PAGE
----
Waco Gem and Mineral Club, Waco, Tx

17.1 Magnetism

 

17.1: Magnetism

We‘ve all had fun with magnets: those little bars that stick to refrigerators and pick up paperclips. Place one near an iron or steel surface, and it will literally jump out of your hand and stick to the surface. They also attract and repel other magnets, letting you flip and push one around with another without them touching. Magnets perform these fun stunts because they produce a field of force—a magnetic field—caused by movement of electrons.

Some minerals react when placed near a magnetic field. Such minerals are referred to as magnetic minerals. They have one common denominator: iron. A simple test will help you identify a magnetic mineral. Pass it over a compass, and the compass needle will move.

Magnetic minerals come in two basic sorts. Most common are those attracted to a magnet, either strongly or weakly. The most strongly magnetic is magnetite (iron oxide), but there‘s also pyrrhotite (iron sulfide), ilmenite (titanium-iron oxide), hematite (another iron oxide), and franklinite (zinc-iron oxide). Some, such as limonite (hydrated iron oxide) or siderite (iron carbonate), may become weakly magnetic if heated.

A second sort of magnetic mineral is one that is naturally magnetized. That is, it‘s a magnet itself, generating a magnetic field that will attract iron to it. There‘s just one mineral of this sort, a specific variety of magnetite called lodestone.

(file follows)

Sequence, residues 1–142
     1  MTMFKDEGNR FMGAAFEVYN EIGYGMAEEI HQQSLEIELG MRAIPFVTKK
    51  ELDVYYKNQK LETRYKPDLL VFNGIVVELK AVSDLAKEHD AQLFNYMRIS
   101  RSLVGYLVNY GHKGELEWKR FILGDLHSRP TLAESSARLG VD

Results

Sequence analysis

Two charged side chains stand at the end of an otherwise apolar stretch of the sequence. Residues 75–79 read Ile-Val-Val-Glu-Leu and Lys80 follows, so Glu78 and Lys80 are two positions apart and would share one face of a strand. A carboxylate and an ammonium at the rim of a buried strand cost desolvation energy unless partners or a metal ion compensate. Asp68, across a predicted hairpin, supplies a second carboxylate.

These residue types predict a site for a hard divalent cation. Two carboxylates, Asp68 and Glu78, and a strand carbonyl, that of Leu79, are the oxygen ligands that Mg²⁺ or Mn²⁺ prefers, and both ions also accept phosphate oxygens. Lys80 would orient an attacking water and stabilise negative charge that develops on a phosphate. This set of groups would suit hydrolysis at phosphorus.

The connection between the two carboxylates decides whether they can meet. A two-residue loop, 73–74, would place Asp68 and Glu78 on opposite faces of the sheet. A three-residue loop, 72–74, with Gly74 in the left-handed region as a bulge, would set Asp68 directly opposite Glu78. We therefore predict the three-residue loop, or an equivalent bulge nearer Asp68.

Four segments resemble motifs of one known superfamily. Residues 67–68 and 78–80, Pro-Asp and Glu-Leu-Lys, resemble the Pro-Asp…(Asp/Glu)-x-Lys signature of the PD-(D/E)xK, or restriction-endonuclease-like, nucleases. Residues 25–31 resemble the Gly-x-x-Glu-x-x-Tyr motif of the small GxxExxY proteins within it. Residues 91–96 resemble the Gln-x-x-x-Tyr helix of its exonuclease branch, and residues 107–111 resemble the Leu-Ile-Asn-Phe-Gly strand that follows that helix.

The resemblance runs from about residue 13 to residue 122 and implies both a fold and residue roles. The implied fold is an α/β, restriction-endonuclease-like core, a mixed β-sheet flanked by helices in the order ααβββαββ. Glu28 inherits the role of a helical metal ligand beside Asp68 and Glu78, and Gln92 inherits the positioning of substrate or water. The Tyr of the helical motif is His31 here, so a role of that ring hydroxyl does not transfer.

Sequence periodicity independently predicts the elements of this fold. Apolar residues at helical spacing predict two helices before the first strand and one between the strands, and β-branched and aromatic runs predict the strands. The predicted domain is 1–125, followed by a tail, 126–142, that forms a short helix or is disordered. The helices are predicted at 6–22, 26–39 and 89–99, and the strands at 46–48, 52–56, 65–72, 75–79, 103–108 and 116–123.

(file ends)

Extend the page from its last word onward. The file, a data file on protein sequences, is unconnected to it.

You can enjoy fun activities with kids seeing how lodestone picks up paperclips or how magnets stick to magnetite and other magnetic minerals. For another fun activity, fill a plastic tub with black sand (often found in association with placer deposits while gold panning) and drop in a few strong magnets. Magnetic minerals in the black sand will clump around the magnets like frizzy hair on a bad hair day.

Magnetism has long fascinated people. For centuries, ships carried lodestones to magnetize compass needles for navigation. Magnetism has helped prospectors distinguish iron ore look-alikes; for instance, magnetite and chromite are outwardly similar, but magnetite is much more strongly magnetic.

The word 'magnet' comes from Magnesia, an area in Greece where lodestone was discovered long ago. It was called magnítis líthos, or 'magnesian stone'. According to another, more interesting legend, a Greek shepherd boy named Magnes discovered lodestone when iron nails in his shoes stuck to a rock. Sounds like a good excuse for being late to school!